Religious Days and Observances
Work-Restricted Religious Observances/Holy Days
Federal law and university policy prohibit discrimination on the basis of religious belief. It is the policy of the University of Louisville to accommodate students, faculty, and staff who observe religious work-restricted holy days.
Students who observe work-restricted religious holy days must be allowed to do so without jeopardizing their academic standing in any course. Faculty are obliged to accommodate students’ request(s) for adjustments in coursework on the grounds of religious observance, provided that the student(s) make such request(s) in writing two (2) weeks prior to the anticipated absence.
Deans and department chairs must investigate and resolve student complaints arising from alleged faculty failure to make reasonable accommodations under these guidelines.
Faculty and staff supervisors are directed to accommodate requests for absence for work-restricted religious holy days, unless it would cause an undue hardship. Further, whether the holy days are work-restricted or not, supervisors of faculty and staff should be sensitive to requests for accommodations.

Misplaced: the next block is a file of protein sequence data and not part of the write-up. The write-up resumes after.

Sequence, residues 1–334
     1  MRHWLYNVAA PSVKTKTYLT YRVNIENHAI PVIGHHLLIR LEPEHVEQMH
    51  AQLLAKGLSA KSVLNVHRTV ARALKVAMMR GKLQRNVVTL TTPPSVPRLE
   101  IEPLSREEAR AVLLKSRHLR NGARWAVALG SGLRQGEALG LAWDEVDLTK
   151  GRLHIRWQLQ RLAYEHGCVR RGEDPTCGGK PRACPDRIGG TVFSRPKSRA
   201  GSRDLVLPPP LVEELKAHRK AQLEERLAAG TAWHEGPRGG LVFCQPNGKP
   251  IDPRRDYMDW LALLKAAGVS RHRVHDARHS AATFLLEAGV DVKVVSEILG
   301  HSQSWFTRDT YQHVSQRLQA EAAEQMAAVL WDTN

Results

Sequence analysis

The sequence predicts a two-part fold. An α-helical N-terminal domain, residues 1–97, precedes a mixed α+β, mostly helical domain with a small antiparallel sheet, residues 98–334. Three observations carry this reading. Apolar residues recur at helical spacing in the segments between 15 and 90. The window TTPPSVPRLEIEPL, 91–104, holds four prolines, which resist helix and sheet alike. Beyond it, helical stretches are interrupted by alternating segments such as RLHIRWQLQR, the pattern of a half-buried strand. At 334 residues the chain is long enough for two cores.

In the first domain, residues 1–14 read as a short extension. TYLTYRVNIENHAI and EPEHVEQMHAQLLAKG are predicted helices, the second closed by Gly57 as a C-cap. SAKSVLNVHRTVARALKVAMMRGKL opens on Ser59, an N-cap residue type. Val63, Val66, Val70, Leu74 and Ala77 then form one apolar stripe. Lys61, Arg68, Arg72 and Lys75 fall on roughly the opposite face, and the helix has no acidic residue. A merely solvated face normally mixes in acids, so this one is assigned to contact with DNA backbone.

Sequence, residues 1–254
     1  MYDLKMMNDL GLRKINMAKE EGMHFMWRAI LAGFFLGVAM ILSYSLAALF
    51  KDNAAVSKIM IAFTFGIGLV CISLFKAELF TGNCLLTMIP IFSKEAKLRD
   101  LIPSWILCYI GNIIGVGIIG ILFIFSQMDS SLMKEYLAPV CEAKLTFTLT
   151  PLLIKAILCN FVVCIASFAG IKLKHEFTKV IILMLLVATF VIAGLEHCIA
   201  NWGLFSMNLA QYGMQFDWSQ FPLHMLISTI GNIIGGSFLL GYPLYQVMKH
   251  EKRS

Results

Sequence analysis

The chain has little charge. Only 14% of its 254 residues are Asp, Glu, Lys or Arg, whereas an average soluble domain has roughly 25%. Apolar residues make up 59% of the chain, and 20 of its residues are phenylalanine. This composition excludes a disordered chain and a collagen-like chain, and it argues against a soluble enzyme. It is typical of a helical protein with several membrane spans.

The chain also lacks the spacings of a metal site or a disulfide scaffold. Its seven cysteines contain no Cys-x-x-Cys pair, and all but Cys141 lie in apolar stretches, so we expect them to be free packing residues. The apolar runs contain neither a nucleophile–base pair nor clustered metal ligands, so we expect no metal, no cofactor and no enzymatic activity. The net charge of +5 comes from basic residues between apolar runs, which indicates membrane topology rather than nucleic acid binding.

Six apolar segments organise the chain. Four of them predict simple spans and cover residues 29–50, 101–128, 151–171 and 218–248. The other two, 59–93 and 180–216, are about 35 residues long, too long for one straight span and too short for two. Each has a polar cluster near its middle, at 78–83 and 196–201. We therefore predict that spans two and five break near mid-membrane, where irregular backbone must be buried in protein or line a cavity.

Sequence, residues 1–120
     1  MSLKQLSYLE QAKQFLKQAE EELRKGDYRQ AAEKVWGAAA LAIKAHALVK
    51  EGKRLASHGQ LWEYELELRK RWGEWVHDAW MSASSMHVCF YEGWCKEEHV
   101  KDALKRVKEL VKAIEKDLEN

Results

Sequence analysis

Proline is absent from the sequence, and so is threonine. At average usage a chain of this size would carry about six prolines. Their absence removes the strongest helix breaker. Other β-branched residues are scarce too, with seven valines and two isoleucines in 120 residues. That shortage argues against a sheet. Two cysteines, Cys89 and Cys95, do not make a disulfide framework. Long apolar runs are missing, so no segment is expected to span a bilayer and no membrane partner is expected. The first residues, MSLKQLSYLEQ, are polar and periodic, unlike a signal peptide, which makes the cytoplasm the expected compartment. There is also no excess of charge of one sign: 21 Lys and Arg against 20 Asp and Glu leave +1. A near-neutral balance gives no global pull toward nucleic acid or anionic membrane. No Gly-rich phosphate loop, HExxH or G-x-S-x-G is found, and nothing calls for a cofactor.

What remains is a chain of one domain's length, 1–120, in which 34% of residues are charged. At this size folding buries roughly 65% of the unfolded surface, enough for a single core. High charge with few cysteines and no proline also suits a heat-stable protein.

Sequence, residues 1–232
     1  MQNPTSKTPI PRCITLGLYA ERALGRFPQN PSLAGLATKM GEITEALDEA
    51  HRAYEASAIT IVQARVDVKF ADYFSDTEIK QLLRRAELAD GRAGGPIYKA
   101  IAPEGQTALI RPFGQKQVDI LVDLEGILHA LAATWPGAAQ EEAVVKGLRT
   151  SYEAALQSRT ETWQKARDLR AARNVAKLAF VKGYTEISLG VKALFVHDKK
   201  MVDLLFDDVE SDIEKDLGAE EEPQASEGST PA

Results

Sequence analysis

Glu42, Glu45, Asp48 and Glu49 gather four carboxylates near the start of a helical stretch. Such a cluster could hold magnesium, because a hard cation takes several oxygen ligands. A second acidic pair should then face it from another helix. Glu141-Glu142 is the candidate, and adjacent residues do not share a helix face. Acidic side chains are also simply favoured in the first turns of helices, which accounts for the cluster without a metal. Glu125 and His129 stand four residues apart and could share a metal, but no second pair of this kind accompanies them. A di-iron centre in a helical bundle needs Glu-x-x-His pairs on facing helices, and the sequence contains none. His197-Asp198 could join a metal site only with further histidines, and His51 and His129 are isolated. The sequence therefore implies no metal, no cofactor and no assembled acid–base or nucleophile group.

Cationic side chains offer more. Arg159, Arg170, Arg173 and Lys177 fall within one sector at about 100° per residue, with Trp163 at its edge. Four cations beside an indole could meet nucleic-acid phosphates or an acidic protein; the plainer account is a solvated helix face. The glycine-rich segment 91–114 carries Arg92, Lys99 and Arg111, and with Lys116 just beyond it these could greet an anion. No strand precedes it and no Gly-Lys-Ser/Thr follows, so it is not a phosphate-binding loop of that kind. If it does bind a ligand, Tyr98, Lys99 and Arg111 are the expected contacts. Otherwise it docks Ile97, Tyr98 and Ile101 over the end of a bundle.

Definition of Religious Observance/Work-restricted Holy Day
A recognized denominational sacred or holy day that is observed by persons or groups who are required—through a set or system of religious beliefs, laws/doctrines, tenets, canons or theology—to restrict or limit work and/or physical or mental activity directed toward the production or accomplishment of something; toil; labor.
This definition may include academic endeavors (e.g., examinations, classroom activities and research, or out-of-classroom learning experiences).
There is a distinction between religious holy days, sectarian holidays, and ethnic holidays and festivals which are routinely celebrated in the United States of America—e.g., Christmas, Thanksgiving, New Year's Day—and religious work-restricted holy days which are based upon religious tenets, laws, and/or doctrine—e.g., Yom Kippur, portions of Ramadan, or a work-restricted Sabbath.
Individuals who observe and/or follow these religious work-restricted holy days are not permitted to engage in day-to-day occupations, work, or attend school, including taking examinations or performing other routine commitments. Observances/practices vary from culture to culture within and across denominations.
While there are no work-restricted holy days within the Christian faith by tenet, Easter and Christmas often are considered to be non-work days by custom.